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Why do I get so excited about caps and lids that are about to be thrown away?  It’s not because it means everyone has been taking their vitamins. Although that is a good thing.   It is because caps are perfectly round and come in a variety of sizes to make an easy pattern tool for the gel plate.

I had to laugh at myself when I was arranging the caps because I liked several different configurations but it was a struggle to pick the one that I would glue down. As if I couldn’t save up more lids and do this again.

Watch Using Trash to Make a Pattern Tool for a Gel Printing on YouTube.

New to gel printing? To get you started, I’ve got a getting started video and downloadable guide for you.

I collect all sorts of lids and caps so when I want to make a pattern making tool for the gel plate, I have a stash to pick from.  The first step is sorting out any lids that are the same height.

In the video you can see how I arranged them and then glued them down onto a piece of cardboard.  Hot glue was my glue of choice simply because I didn’t have to wait for it to dry.

The magic of gel printing is the variation in the prints from the first print to the second,or ghost prints. I used the 8 x 10 size Gel Press plate, but naturally, you can use any size gel plate.

Had a lot of caffeine recently? If you’ve got those hand shakes this a great time to use them to your advantage when making prints like these orange ones.

When printing, I usually swoon over the ghost prints.  What about you.  Do you prefer the first print or the ghost when you use a gel plate?

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Arting Out Pesky Feelings

Arting out feelings to deal with life by Carolyn Dube

Why do I keep paper on my counter?  Is it to protect my counter?  Not really.  It does protect the counter and catches the color that runs off but it’s main purpose is to be a big something to art on when needed.  Today I needed that arting.

It began with a bit of gel printing…if you look closely you can see the circles from the Impressable plate by Jen Starr for Gel Press. Then I threw the kitchen sink at it.  Sharpie marker, oil pastels, paint, and repeat!

Arting out feelings to deal with life by Carolyn Dube

What I was drawing was not renaissance art.  It was rapid, impulsive, and free.  I needed that.  I had just gotten off a phone call trying to sort out an insurance mix up and I didn’t get anywhere with it.  If you have ever had one of those calls, you know the frustration I was feeling!

Arting out feelings to deal with life by Carolyn Dube

There is something very freeing to me when I am working on a larger surface.  Thankfully, after a little color play, I had shaken off the frustrations and could get back to my regularly scheduled day!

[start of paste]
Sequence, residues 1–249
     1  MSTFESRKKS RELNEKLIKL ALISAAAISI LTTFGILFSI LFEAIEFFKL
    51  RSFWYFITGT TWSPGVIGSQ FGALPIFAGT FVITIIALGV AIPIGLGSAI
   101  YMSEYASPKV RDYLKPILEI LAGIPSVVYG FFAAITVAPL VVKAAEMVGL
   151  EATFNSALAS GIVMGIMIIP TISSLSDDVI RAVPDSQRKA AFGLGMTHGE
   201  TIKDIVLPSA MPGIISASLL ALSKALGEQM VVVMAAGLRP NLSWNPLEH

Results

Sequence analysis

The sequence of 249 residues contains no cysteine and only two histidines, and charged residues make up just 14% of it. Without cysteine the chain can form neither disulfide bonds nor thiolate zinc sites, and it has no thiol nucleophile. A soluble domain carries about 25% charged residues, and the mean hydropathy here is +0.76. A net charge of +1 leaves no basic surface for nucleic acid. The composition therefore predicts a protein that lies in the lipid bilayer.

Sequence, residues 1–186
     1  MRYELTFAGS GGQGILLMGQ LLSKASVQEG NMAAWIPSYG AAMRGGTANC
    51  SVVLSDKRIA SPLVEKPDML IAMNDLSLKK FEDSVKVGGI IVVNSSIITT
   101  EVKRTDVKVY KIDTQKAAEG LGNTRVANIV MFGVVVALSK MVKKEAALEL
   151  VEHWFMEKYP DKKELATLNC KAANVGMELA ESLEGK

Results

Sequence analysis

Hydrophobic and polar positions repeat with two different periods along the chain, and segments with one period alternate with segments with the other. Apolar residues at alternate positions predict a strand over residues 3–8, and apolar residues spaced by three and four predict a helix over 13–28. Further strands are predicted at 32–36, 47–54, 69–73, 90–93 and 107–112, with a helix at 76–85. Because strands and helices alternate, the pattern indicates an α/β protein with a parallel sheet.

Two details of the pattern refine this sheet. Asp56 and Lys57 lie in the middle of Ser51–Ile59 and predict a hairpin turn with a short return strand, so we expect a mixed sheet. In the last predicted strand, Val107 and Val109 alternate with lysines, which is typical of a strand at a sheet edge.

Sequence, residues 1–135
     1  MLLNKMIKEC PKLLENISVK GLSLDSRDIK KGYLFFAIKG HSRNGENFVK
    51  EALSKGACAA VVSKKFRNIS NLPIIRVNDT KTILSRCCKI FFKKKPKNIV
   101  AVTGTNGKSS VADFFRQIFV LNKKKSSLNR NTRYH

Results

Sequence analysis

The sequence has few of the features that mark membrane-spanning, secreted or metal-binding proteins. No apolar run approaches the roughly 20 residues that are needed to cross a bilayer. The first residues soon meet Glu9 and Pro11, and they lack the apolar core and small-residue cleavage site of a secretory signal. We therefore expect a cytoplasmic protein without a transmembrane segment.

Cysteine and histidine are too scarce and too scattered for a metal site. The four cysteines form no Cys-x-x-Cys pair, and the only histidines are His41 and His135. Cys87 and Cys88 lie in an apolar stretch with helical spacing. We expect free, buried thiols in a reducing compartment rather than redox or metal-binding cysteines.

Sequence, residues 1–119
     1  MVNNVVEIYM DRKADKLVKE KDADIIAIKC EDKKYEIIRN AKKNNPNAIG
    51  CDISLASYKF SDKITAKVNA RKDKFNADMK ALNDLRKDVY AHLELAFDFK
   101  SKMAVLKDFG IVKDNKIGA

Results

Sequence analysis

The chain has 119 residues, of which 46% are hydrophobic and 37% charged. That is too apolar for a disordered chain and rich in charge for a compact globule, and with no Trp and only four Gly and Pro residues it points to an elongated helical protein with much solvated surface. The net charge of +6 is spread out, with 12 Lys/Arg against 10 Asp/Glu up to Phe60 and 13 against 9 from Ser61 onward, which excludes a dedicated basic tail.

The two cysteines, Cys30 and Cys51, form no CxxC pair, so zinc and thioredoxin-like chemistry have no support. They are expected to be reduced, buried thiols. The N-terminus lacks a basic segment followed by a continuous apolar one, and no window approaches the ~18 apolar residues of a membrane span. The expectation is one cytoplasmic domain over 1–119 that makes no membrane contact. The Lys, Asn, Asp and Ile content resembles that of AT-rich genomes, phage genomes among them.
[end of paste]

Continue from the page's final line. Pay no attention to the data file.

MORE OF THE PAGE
Arting out feelings to deal with life by Carolyn Dube

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Playing around on a hot mess of a canvas with Stencilgirl stencils and distress crayons

Cleaning and play can go hand in hand. Not house cleaning…but cleaning excess paint off stencils.  My fast and favorite way to clean off an inky or painty stencil, especially when gel printing, is by blotting it off on another surface like an art journal or in this case a wood panel.

Since this is not the actual piece I was working on as the stencils got painty, I just tossed them on to it willy nilly. Clearly there were no worries of colors being placed strategically since this is a bit of a hot mess.  Excess paint was stenciled too since I usually have way too much paint on my palette.  Wasting color is a crime to my muse so I use every drop possible.

Playing around on a hot mess of a canvas with Stencilgirl stencils and distress crayons

Now that I had a messy place to start, the play began with careful mark making.  If you’ve seen much of my play you probably heard a bit of sarcasm in the “careful mark making”.  I just scribbled away like a little kid with Distress Crayons.
Playing around on a hot mess of a canvas with Stencilgirl stencils and distress crayons

This still looks like a big hot mess.  It has no direction and no pressure to be anything but play full of happy moments seeing the layers of colors build up.

Playing around on a hot mess of a canvas with Stencilgirl stencils and distress crayons

Paint was smeared in areas for no reason other than the fun of smearing paint and that created some open spaces.  Those open areas created places to stencil the words that summed up the meaning and reason for this piece.  Play Today.

Playing around on a hot mess of a canvas with Stencilgirl stencils and distress crayons

I could have stopped at just one Play Today, but why!  If one Play Today was good, then more is better!

Playing around on a hot mess of a canvas with Stencilgirl stencils and distress crayons

Here are the supplies I used. Some of these links are affiliate links which means I get a small percentage. It doesn’t cost you anything extra and it helps keep the free tutorials coming!


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